I will answer this question because the question itself relates to an issue that I think is very important:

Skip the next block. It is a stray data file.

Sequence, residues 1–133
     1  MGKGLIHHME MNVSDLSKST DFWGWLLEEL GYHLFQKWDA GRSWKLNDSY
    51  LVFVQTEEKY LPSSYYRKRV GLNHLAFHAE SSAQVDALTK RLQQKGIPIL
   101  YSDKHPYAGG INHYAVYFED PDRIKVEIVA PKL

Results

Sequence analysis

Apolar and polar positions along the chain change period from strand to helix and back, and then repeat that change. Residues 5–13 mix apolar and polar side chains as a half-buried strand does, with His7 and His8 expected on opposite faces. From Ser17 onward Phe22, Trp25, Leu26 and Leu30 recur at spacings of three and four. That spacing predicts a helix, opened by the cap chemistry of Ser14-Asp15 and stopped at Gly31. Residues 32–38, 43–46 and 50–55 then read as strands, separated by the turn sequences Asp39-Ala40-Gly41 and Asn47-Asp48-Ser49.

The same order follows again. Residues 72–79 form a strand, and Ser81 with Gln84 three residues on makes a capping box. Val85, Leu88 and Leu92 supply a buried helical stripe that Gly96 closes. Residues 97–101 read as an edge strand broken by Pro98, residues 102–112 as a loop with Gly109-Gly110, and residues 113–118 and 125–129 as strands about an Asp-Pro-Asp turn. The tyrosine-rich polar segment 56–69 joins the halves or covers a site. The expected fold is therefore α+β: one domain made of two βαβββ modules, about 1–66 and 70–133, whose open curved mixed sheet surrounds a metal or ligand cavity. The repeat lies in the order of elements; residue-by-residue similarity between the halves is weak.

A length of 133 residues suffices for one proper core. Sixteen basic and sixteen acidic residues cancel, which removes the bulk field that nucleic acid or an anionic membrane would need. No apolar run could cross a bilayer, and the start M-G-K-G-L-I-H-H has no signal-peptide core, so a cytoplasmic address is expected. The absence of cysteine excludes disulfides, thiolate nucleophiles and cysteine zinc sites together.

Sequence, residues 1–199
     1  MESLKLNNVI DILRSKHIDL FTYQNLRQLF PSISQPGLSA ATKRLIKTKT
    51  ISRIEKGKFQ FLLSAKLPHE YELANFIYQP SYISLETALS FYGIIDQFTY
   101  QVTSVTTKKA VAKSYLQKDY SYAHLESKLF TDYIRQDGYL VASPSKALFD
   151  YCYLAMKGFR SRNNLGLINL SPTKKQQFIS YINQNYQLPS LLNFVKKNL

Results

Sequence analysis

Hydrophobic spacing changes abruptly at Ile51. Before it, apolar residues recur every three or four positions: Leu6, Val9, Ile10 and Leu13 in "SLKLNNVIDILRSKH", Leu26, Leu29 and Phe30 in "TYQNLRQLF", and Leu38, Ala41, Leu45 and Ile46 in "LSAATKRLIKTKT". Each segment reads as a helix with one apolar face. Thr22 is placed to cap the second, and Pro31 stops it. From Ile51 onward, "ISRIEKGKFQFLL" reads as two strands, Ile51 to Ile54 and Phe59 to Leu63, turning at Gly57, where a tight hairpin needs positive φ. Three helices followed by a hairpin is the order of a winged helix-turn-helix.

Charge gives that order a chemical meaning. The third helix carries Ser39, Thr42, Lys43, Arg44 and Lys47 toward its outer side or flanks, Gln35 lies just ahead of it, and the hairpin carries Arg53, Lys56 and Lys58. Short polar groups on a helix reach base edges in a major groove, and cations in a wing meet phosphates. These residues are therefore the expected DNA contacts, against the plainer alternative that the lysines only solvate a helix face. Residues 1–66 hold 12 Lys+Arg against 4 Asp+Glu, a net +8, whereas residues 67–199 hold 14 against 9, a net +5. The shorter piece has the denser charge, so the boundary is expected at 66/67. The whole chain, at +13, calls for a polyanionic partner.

‘To the detriment of’ is ‘correct’ in the sense that its meaning is established. However, this is not how language ACTUALLY works. The key word here is ‘praxis.’ Praxis is what people say, rather than what Some Guys tell them they should say. It is time that students understood that a HUGE fight is going on in academia over this issue. The fact that ‘in detriment of’ is commonly in use on the net clearly indicates that it is . . . in common use (though I would very much like to know whether the writers are native speakers or not: there are issues relating to the impact of non-native-speaker usage on a language)!! So, if some phrase is (a) comprehensible, and (b) in common use, how can anyone argue that it is incorrect!? Beware of this situation: you are a student in a non-native-English-speaking environment. Almost all the answers to your questions about usage come from one native-speaker teacher. She say, ‘This is/is not correct.’ The reality may well be that your teacher is responsible to a particular politico-academic position, and her argument would be swiftly dismantled in another learning-environment. My advice, in closing, is as follows: there exists, rightly or wrongly (though the distinction is weakening VERY fast) the reality of ‘prestige dialects.’ To say ‘to the detriment of’ is to speak in the prestige dialect of English, and to command the prestige dialect of English is to have a great deal of leverage IN CERTAIN SITUATIONS. The ‘flip side’ of the issue, though, is that if you learn only the prestige dialect (and it is no mistake that few students even understand this elemental aspect of language usage!), which is RARELY SPOKEN, you will understand little of the colloquial English THAT CHARACTERISES USAGE IN THE NATIVE-ENGLISH-SPEAKING WORLD!!